The Supreme Court's Recent Child Pornography Decision, and the Problem with Narrowly Construing Statutes with First Amendment Implications: Part One in a Two-Part Series

By JULIE HILDEN


Monday, Jun. 9, 2008

Last month, in United States v. Williams, the Supreme Court decided, 7-2, to uphold a federal statute criminalizing the offering or seeking (or, in the statute’s language, the “pandering” or “solicitation”) of child pornography.

In this column, Part One in a two-part series on the Williams decision, I will take issue with the majority’s and concurrence’s approach here: resolving the constitutional problems with the statute by simply interpreting the statute as if it did not raise them.

I’ll explain the generally valid reasoning behind the Court’s use of this interpretive approach, yet also contend that it is an approach that should rarely, if ever, be used in First Amendment and criminal cases like this one.

Why Construing a Statute Narrowly to Avoid Constitutional Issues Often May Make Sense

To begin, it is well-established that the Supreme Court may – and indeed, according to Court precedent, should whenever possible -- construe a federal statute narrowly, in order to avoid constitutional issues. The theory behind this precept is that, for separation-of-powers reasons, the Court should not reach out to strike down a statute that Congress has passed and the President has signed, unless doing so is absolutely necessary.

Thus, if there are two plausible interpretations of a statute – one constitutional, the other not – the Court may choose the constitutional one. It may do so in order to avoid an unnecessary clash with Congress and the President, and, relatedly, in order to honor the assumption that Congresspersons and the President intend to honor, not betray, the oath they take to uphold the Constitution.

Choosing what it believed to be the constitutional interpretation of a statute is precisely what the Court majority did in Williams. Having already struck down a prior, related law in Ashcroft v. Free Speech Coalition, the Court now decided to narrowly interpret the current law, rather than striking this one down, too – perhaps feeling that it was time for its back-and-forth with Congress on the child pornography issue to come to an end.

Such a decision has the advantage of showing that the Court is trying to work with a coordinate branch of government, rather than clash with it. But it also has the disadvantage, in First Amendment cases like this one, of allowing Congress to be sloppy where free speech is concerned, and leave the Court to clean up the mess it has made.

In this Case, the Court Essentially Drafted the Statute’s State-of-Mind Requirement -- a Job Congress Should Have Done

In this case, the sloppiness had to do with the statute’s state-of-mind requirement. The statute stated that a perpetrator had to act “knowingly,” but was unclear as to exactly what the person offering or seeking the images at issue had to know, in order for his or her conduct to be criminal. Indeed, the statute was so unclear that both the majority and the concurrence felt the need to offer substantial clarification regarding the statute’s state-of-mind requirement.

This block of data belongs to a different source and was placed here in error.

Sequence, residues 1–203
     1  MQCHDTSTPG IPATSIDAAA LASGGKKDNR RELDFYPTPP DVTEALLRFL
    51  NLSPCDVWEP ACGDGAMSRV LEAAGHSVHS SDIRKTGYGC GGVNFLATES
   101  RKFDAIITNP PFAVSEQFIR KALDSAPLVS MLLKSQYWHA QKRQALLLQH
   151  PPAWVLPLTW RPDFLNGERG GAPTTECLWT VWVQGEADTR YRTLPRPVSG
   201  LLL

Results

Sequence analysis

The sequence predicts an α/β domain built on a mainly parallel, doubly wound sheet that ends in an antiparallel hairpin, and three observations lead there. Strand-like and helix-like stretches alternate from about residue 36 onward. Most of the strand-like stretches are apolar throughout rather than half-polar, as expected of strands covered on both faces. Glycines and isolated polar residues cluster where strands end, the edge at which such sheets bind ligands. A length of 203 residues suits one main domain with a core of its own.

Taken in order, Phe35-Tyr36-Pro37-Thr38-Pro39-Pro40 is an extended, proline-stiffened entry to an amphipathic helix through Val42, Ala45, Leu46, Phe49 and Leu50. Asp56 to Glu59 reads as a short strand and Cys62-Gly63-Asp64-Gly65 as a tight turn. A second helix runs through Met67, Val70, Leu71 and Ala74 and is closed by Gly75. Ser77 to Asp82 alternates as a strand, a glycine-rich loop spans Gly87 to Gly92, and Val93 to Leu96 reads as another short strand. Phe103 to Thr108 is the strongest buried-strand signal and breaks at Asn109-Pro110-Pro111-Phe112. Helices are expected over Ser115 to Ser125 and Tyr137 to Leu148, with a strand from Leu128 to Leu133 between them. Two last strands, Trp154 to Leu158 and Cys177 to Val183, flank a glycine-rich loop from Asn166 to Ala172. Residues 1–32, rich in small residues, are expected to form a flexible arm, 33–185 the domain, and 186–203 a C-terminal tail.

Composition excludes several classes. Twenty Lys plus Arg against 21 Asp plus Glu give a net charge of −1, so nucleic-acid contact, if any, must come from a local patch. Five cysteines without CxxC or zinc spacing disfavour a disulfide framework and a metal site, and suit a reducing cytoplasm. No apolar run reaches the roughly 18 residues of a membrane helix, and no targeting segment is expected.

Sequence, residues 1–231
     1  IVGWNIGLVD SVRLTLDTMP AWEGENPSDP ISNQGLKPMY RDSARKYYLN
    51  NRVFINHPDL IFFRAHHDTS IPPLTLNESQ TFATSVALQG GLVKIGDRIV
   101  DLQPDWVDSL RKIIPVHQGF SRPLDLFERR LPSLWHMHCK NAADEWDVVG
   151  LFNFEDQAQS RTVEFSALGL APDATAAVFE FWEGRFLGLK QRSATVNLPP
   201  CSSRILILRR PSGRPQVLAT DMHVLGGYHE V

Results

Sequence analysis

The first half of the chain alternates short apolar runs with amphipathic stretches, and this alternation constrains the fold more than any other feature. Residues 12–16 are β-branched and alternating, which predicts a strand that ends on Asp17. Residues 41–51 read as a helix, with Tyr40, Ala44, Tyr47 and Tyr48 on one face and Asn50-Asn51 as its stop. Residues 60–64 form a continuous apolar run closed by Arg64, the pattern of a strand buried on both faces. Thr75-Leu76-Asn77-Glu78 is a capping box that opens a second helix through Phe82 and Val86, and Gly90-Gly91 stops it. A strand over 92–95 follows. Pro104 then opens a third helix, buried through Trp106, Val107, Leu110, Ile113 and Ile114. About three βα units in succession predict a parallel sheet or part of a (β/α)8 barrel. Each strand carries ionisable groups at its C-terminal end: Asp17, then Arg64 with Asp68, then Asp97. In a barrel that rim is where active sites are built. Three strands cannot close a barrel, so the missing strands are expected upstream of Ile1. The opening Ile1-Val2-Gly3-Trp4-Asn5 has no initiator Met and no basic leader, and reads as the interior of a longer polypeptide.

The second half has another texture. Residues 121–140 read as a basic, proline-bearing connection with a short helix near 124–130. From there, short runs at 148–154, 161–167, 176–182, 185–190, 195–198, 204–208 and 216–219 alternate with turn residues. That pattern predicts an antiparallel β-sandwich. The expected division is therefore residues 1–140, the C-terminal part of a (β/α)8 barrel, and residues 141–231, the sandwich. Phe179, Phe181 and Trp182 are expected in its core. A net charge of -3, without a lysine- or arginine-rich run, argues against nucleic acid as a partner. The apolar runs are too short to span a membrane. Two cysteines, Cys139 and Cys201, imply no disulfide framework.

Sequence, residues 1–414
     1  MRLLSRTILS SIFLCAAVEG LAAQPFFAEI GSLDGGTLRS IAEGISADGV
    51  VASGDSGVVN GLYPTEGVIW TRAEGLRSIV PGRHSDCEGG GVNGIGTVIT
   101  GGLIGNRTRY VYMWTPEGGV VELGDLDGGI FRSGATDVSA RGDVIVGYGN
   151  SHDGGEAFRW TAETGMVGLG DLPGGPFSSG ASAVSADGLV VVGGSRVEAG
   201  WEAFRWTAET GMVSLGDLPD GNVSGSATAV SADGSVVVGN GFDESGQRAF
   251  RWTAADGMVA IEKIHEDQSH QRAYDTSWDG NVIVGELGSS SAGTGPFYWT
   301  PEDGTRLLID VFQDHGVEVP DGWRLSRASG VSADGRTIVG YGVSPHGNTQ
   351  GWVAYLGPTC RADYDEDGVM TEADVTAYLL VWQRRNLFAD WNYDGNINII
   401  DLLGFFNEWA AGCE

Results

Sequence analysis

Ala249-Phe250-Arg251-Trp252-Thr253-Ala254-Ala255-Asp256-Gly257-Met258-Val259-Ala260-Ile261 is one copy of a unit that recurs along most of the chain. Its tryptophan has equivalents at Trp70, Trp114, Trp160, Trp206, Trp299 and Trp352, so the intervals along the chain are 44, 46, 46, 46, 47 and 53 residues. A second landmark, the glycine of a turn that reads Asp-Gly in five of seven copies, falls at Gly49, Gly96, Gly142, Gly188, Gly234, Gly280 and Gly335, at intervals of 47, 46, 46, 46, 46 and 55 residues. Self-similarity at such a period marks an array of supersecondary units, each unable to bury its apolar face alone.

First, writing for the majority, Justice Scalia construed the statute to mean that “[a] crime is committed only when the speaker believes or intends the listener to believe that the subject of the proposed transaction depicts real children.” (Emphasis added).

Justice Scalia’s interpretation, by looking to beliefs and not reality, renders it beside the point whether real children really are depicted in the images at issue – or whether the images are computer-generated (making the pornography “virtual”).

Moreover, Justice Scalia’s interpretation – by using the word “or” -- ensures that the statute sweeps in even those who knowingly purvey virtual child pornography as real -- just as, ironically, law enforcement personnel might do to capture child-pornography seekers.

Thus, while this interpretation clarified the statute by making its prohibition more specific, it hardly narrowed it or placed it upon more solid constitutional ground. No wonder, then, that Justice Scalia’s aggressive interpretation of the statute triggered a dissent from Justices Souter and Ginsburg (which I will discuss in detail in Part Two of this series of columns).

In particular, the dissent took strong issue with the possibility that – under Justice Scalia’s interpretation of the statute -- a person can be prosecuted even if he is, in fact, offering material that is virtual, not real, child pornography.

Second, in concurrence, Justices John Paul Stevens and Stephen Breyer made clear that they would narrow Congress’s statute even further – though not on the virtual child pornography point. Concerns had been raised that, for instance, hapless grandparents offering baby photos because they were cute, but using unfortunate language such as “hubba hubba” to describe the photos, would be caught in the statute’s snare. In response, Stevens wrote that “[i]t is abundantly clear from the provision's legislative history that Congress' aim was to target materials advertised, promoted, presented, distributed, or solicited with a lascivious purpose--that is, with the intention of inciting sexual arousal.”